- Create a testing environment with 100 users using AI
- Performance tests are already run when there are 100 players in a match, but player count and results can vary.
- By utilizing bots, we can run large scale tests similar to the actual gameplay environment as often as we want
Distributed Denial-of-Service (DDoS) attacks affect the majority of popular online games at some point. When the game server experiences DDoS attacks, all users on that server go through connection errors such as network delay, high ping, and packet loss. DDos attacks greatly increased since November 2019 and became a very serious problem in February 2020. To address this, our teams have introduced additional external solutions, while developing our own DDoS defenses. Thanks to this, most DDoS attacks are being blocked successfully. We will share our measures taken against DDoS in more detail in a separate post.
After some of the external DDos solutions were applied, we began to receive a higher amount of packet loss reports from NA and EU players. We’ve mitigated this quite a bit, but some of these issues still remain. Since various errors can contribute to this, we’re working on cause analysis and route optimization to further reduce this packet loss and improve the overall network environment.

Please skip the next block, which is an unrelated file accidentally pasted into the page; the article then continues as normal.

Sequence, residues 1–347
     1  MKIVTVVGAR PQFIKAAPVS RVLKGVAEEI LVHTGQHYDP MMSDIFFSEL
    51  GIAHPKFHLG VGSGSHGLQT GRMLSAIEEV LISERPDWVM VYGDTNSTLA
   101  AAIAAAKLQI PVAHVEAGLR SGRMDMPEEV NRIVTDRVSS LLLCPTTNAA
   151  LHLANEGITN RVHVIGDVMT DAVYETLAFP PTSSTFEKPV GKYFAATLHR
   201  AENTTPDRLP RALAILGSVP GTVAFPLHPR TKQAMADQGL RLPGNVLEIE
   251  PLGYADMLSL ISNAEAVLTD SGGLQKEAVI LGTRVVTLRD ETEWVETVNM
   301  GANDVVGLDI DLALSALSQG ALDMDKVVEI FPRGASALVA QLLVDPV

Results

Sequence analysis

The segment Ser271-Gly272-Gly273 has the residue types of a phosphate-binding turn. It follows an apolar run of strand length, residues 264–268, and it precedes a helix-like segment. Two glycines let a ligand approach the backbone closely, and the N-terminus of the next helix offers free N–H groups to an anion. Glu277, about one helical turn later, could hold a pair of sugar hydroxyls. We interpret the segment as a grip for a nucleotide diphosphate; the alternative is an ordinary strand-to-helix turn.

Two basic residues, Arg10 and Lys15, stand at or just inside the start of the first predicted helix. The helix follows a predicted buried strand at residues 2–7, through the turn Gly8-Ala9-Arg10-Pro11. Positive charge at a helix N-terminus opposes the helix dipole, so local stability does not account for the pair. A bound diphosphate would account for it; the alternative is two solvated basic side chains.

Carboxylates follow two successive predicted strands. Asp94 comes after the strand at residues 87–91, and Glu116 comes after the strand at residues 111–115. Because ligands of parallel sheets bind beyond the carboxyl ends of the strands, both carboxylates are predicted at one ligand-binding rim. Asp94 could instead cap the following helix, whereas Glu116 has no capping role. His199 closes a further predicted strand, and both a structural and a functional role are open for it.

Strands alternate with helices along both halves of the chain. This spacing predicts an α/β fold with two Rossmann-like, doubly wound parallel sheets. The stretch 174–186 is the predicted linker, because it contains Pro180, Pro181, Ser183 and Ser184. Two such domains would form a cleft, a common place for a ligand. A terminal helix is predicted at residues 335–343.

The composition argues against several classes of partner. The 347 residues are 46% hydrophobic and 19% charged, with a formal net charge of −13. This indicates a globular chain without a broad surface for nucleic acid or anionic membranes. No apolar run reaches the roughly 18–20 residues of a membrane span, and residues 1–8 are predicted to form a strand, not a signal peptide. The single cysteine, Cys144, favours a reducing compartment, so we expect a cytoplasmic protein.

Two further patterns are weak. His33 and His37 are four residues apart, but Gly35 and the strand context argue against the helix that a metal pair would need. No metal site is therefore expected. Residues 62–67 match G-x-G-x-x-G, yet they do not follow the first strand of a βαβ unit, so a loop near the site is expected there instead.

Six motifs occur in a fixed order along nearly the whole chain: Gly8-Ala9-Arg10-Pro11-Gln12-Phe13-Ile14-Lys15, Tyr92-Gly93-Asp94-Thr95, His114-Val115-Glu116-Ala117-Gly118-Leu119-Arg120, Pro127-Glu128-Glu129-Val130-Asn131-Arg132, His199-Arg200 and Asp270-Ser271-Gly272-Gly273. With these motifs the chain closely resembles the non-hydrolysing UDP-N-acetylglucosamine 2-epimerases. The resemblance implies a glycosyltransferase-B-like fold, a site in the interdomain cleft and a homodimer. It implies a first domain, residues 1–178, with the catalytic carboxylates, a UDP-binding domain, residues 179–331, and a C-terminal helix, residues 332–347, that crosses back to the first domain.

We understand that when we do not communicate with you, your natural instincts are to assume that we don’t care about these issues. We’re working very hard to improve not only our communication, but also the issues we described in this letter.
We’ve got a lot of great content planned for this year, and we want you to be able to enjoy it without wondering when your next crash or issue is going to be. I’ve said quite a bit already for one letter, so we’re going to release further communication on other issues at a later date. Also, thank you for your patience while we got this letter out. We felt it was worth a little extra time to fully articulate what we’ve been working on and what our upcoming priorities are.
The PUBG Dev team is aware of the importance of providing a stable environment and thank you for your continued patience and feedback.
Thank you and stay safe.
– Taeseok Jang, PUBG Executive Producer